Aug 22, 2018

Trump to meet with Sessions, Kushner to discuss sentencing reform

Photo: Brendan Smialowski/AFP via Getty Images

President Trump plans to meet with Attorney General Jeff Sessions, Jared Kushner and Brooke Rollins on Thursday to discuss the prison and sentencing reform package being negotiated between the White House and members from both parties, sources with direct knowledge of the meeting tell Axios.

The big picture: Trump privately told senators and aides he liked the sound of a compromise that would add sentencing reforms pushed by Judiciary Chairman Chuck Grassley to the prison reform bill the House passed earlier this year. "I don't care about the politics; if it's the right thing to do than we should do it," Trump told a group of Senators when they briefed him on the plan earlier this month, according to a source familiar with the situation.

But law-and-order hardliner Sen. Tom Cotton has lambasted the Grassley plan; Attorney General Jeff Sessions is quietly working against it; and Sen. John Cornyn, a member of Republican leadership, told reporters on Wednesday that there wouldn't be a vote before midterms.

What to watch: Whether Trump publicly endorses the compromise package once it's finalized. If Republicans remain divided over the bill, Senate Majority Leader Mitch McConnell won't bring it to the floor with ongoing judicial nominations and the upcoming spending bill. A Trump endorsement is powerful and could be enough to win over uncertain Republicans and unite the party around the bill.

The opposition: Cotton published an op-ed in the Wall Street Journal last week calling the compromise plan "a jailbreak that would endanger communities and undercut President Trump's campaign promise to restore law and order."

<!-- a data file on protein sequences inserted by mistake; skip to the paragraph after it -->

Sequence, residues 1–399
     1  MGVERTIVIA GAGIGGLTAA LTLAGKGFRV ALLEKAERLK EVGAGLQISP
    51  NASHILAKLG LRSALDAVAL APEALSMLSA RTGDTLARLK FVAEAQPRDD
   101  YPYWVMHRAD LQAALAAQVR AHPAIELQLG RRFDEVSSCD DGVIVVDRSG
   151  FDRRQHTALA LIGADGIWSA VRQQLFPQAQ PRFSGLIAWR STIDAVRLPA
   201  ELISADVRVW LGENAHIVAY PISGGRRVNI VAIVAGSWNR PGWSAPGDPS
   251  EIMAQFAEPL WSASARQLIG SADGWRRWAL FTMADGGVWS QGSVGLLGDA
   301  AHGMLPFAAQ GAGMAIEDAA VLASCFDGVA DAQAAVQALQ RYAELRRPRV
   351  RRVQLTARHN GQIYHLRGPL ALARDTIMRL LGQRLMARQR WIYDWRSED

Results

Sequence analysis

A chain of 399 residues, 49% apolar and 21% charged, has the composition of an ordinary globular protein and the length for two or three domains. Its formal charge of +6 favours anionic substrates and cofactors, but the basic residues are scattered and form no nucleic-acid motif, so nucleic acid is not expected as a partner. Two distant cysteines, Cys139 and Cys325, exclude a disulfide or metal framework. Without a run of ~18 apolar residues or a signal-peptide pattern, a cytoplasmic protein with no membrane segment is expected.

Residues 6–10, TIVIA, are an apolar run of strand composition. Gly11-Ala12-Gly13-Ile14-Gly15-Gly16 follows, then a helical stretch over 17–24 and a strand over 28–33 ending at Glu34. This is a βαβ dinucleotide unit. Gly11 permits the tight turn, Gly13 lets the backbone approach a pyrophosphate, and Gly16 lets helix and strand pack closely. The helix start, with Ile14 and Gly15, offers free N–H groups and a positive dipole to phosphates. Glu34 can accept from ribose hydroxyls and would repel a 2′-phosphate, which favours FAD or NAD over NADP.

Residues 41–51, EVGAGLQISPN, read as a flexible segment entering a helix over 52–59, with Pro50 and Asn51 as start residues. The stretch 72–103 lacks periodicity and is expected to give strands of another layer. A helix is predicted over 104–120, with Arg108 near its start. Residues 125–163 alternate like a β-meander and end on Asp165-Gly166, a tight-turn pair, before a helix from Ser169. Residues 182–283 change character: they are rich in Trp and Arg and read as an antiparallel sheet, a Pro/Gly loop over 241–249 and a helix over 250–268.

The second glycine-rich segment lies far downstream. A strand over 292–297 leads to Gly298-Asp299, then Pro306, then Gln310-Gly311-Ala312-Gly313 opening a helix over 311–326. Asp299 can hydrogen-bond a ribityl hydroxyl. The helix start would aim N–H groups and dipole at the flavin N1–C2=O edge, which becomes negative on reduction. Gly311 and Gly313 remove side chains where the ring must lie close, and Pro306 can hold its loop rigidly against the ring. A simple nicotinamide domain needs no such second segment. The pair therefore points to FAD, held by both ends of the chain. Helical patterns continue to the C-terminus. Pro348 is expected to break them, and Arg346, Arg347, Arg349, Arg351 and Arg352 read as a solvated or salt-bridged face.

• Attorney General Jeff Sessions has also consistently opposed sentencing reform efforts. He wrote a letter to Grassley early this year tearing apart the Senator's criminal justice reform bill.
  • Yes, but: Trump loathes Sessions and won't care what he has to say. And while Cotton's office told Axios that he has spoken with other members who support his view, the other usual outspoken opponents of sentencing reform such as Sen. David Perdue have been quiet thus far.
  • Not all Democrats are convinced either. 2020 hopefuls Cory Booker and Kamala Harris have expressed some concern that the bill still doesn't go far enough to address harsh penalties for low-level offenses.
  • Koch Industries' general counsel Mark Holden, who works closely with the White House and Congress, told Axios, "Senator Cotton's claims are inaccurate. The proposed reforms will make the system more just and increase public safety. For years, Cotton and others have claimed that long sentences are what keeps communities safe, even for nonviolent offenders. There is no real data that supports that claim." 
  • Koch Industries groups as well as other conservative groups have sent a letter to Trump advocating for the bill.

In the White House, Jared Kushner, assistant to president Brooke Rollins and special assistant to the President for Domestic Policy Ja'Ron Smith have been working with Sens. Mike Lee, Lindsey Graham, Dick Durbin, Tim Scott, members of the Judiciary Committee, law enforcement and conservative movement leaders to reach a compromise and get legislation passed.